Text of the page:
In short, if a book doesn’t sell, you just keep evaluating and asking questions. Why didn’t it sell? Is it the content? Is it the market? Is it the timing? The important thing is that you learn from the experience and you go forward, still chasing publication, still fighting to be heard. This business can require nerves of steel, but the potential reward is great.

60

Pre-published

by Michael

When I was at an SCBWI conference recently, I said something that the entire audience (only about 800 people) thought was hilarious. I first asked how many of the people in attendance were unpublished. A vast majority raised their hands. I looked at them very seriously and said, “Enjoy it. This is a very special time in your career.” That’s when they laughed.

But I meant it, and I mean it. The time before you’re published is the most important part of an author’s career. My thinking about this started in a conversation with an author of mine. (I won’t reveal her name, but she can out herself in the comments if she likes.) When I asked her if she had any advice for the conference goers, she said it was to enjoy the years spent before publication. In the ten years it took her to get her first book published, she said said she never realized how free she was. She meant creatively free. Before publication, when she sat down to write, she could do whatever she wanted. There were no expectations about what she’d write, no deadlines to write to, and no promotional commitments to take her away from her creative time. So she wrote, and revised, and developed her craft on her own, at conferences and with other writers. She’s done very well for herself in her career, and she wouldn’t give any of it up, but she felt that she lost a little something when she became a published writer, and she wished that other authors would stop and enjoy the process.

It’s not easy advice to follow, I know. For anyone with the goal of being published, it’s hard to imagine that life before publication holds anything special. There’s all the butt-in-chair hours spent writing and revising, the query letters to agents, the conferences, the workshops, the critique groups, the rejections, the hopes and hopes dashed. Writing isn’t for the faint of heart. But getting published isn’t the end of much of that, and there are added pressures once you’ve achieved your first goal. Once you’ve successfully sold and published your first book, the question of your second book is right around the corner. The process of selling that book is different, but may be just as agonizing. Often, you’ll be expected to write an outline and sample pages, instead of a whole book. Great, right? You don’t have to write the whole thing! Not so fast — is that how you started your first novel? Many authors don’t approach writing their first book in that way, and they enjoy the time they spent figuring things out on the page; the characters that they didn’t know existed until they started writing, the plot twist they couldn’t have imagined when they began. I had a very successful author ask me yesterday if she could just write the whole book again — she missed the freedom she experience she had writing her first book, which just flowed out of her and took shape as she wrote it. While it sounds fantastic creatively, it doesn’t make as much sense practically. We’d like to have a good idea from her publisher if they’re interested in the book before she goes through all of that work!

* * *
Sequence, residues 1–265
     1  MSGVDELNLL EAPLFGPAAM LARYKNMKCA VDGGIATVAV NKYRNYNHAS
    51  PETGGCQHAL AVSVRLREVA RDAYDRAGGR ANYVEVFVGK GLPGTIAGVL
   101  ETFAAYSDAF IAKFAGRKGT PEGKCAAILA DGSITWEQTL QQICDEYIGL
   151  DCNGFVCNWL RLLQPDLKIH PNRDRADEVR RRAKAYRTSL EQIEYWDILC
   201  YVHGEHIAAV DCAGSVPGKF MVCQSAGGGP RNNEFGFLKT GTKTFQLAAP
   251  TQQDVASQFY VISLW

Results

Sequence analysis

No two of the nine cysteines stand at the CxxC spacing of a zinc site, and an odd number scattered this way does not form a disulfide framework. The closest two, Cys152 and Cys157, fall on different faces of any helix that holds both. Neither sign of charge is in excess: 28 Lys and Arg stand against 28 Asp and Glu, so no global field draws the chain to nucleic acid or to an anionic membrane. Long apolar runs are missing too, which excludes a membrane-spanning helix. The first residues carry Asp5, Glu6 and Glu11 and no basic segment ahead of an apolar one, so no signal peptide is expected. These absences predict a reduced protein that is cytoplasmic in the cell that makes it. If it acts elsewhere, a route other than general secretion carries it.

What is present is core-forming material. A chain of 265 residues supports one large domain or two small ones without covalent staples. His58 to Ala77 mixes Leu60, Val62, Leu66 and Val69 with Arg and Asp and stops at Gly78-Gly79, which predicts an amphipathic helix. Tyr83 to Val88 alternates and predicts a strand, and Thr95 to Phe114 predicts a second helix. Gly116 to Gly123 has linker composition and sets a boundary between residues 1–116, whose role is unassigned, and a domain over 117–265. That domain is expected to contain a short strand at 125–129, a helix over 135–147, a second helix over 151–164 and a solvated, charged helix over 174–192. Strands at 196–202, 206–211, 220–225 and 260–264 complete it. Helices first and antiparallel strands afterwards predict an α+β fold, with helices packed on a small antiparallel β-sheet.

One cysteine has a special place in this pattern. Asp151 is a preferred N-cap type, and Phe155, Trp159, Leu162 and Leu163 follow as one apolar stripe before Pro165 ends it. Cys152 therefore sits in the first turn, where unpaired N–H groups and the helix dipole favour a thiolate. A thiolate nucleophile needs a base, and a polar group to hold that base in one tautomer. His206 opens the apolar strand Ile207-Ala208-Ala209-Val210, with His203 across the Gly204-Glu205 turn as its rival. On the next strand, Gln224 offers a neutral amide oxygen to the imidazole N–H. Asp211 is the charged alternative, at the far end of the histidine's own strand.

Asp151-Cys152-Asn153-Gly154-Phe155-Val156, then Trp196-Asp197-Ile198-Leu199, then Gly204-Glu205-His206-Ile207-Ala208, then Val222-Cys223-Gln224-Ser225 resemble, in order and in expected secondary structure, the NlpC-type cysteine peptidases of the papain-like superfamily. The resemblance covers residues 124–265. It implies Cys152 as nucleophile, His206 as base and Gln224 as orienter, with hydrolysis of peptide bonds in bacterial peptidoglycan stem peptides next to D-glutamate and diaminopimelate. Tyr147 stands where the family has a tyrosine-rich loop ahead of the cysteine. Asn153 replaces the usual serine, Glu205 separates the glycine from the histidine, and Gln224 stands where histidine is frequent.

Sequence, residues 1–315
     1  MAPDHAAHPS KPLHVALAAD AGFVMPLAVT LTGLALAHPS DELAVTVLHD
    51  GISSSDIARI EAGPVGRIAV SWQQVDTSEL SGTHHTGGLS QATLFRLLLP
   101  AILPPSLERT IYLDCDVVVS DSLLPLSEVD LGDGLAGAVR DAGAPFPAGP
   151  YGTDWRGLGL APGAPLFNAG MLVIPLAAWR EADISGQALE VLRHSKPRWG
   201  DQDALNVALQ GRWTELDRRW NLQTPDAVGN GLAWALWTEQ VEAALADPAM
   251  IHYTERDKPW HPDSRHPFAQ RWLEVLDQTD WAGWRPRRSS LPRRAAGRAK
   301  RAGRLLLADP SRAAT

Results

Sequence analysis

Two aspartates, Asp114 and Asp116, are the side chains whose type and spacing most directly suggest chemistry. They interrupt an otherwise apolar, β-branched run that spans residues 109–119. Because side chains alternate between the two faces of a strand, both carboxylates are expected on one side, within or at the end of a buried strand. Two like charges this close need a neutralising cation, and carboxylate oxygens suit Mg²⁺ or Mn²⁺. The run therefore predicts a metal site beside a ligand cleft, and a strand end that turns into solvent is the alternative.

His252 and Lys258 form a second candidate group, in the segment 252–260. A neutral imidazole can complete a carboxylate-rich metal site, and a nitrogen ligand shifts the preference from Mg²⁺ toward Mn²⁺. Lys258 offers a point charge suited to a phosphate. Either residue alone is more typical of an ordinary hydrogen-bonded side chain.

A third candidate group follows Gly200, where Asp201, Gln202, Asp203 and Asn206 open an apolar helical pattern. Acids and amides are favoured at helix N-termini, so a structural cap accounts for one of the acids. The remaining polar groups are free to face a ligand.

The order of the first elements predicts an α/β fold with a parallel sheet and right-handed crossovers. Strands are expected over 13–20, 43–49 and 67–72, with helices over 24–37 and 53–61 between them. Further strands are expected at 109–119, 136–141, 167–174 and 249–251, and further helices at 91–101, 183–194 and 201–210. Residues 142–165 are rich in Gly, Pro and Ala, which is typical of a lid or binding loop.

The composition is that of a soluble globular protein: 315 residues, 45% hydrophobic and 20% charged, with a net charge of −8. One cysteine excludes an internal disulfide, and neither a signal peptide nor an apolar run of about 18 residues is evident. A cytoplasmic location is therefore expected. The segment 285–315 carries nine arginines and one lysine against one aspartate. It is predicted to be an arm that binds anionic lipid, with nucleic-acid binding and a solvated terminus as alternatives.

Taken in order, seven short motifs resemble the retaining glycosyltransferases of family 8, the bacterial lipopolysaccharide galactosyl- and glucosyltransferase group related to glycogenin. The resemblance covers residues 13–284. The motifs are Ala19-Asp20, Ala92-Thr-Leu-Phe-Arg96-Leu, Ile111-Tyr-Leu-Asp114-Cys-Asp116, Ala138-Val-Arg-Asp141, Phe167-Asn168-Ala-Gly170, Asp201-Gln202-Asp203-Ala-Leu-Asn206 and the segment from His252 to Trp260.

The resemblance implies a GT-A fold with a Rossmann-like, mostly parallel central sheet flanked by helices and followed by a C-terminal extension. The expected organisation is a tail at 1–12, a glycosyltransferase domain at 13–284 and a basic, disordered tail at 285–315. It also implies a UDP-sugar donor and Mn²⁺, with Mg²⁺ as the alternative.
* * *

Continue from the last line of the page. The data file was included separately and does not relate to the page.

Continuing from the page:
Then there’s the pressure to promote and sell your book. The hours spent online social networking, the time spent at conferences and workshops presenting, and if you’re lucky enough to be very successful, the tours, appearances, video chats, book club appearances, media, stock signings (I have an author flying several hours, for only a day, to sign 5,000 books), and whatever else the publisher throws at you. As the author above said to me, when you’re an author, sometimes it’s hard to find time to be a writer.

I know, I know. At this point you’re thinking, “Can these published writers just stop whining? They have the life they always wanted!” It’s true that in many ways they’ve achieved their goals, and I can assure you that none of the authors I’m referencing here are whiners in the least. In fact, they’re unbelievably hard workers who take their jobs quite seriously. But they were all pre-published (as SCBWI is fond of saying) at some point, and I know that they all wish they’d enjoyed that time period more. They wish they’d relished the time when being an author meant only writing. So for those of you who aren’t published yet, remember to enjoy this part of the journey, too.

4

Paranormal lives on

by Stacey